The Limbo Tree
Young Adult, Contemporary, Mystery
Published October 10th 2016
Manhattan House Publishing & Media
An accident. A secret. The truth.
Something is wrong with Samantha McCallister. Her baby brother is dead, and she has only one memory of the accident: the canned version her parents impressed upon her. But piece by piece, Sam struggles to make sense of it.
Cast aside by her self-involved family, Sam seeks out a friendship with the next-door neighbor, Hazel, until Hazel inexplicably goes missing, leaving nothing but a note and a jar of jam.
Determined to uncover the truth about Hazel’s disappearance, Sam finds out more than she bargained for. Bizarre episodes and nightmares consume her, vicious and unstoppable.
Meanwhile, an adolescent muse moves into Hazel’s abandoned home. Sam is immediately drawn to him—discovering the beginnings of true love—when the unthinkable occurs. Sam is alienated to a world in which she no longer feels she belongs. Try as she might, Sam cannot escape these nightmares or the truth behind them—the truth that lies in the Limbo Tree.
Brilliantly crafted, shimmering with uncertainty, The Limbo Tree is as mystical as it is moving.
What a nice story. It’s been a while since I’ve read a YA novel so full of surprises. Let’s just say that I expected something else from the blurb. I will try my best to review this book without giving any spoilers that might take away from the novel’s twists and turns.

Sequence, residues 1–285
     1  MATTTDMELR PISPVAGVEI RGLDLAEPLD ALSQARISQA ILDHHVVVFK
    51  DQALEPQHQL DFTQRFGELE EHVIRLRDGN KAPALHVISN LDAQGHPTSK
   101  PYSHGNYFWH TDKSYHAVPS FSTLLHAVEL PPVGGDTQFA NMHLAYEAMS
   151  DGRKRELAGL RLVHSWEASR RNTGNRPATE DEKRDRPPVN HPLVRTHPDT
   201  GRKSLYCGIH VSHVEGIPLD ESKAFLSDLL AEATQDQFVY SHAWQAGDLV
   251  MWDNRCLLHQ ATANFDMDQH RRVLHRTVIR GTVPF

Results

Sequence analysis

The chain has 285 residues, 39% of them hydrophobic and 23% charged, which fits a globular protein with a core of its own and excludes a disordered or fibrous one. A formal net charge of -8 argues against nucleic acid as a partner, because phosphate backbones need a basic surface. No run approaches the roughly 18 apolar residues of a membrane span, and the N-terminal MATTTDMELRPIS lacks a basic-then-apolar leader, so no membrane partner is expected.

The cover – I thought it was a little bit odd at first. However, it made sense only after I finished the novel. It fits perfectly with the story.
The Tree Limbo has a fast-medium pace – most of the chapters are really interesting, but there are some that are a little bit slower.
Based on the blurb, I expected this novel to be about Sam finding Hazel and discovering what happen to her brother. In other words, I expected Sam to play detective, and Elliot would be her partner in crime.
Granted, the first chapters were about Hazel, but it expanded in more than that. Moreover, the plot is full of twists and turns; nothing is predictable, which is great! Also, certain scenes allude to some paranormal elements, and they made the novel even more intriguing.
Therefore, I was mostly confused. I didn’t know where the story will go. When I thought I figured it out: bam, another twist. And of course, I needed to know what will happen next, and figure out the mystery!
The end was a huge surprise! I didn’t see that coming. Actually, what I thought it was the end, turned out to be an impostor! Then the real end finally revealed itself, and it was really good! Everything wrapped up nicely, and all the ambiguity and confusion was explained.
One more thing about the ending – it’s open. The ending is just the beginning, but that beginning will be based on our own imagination (hence the words ‘open ending’). There is also the possibility of a sequel, which would be quite interesting. At the same time, I would like for it to stay open, thou. It would fit the novel perfectly.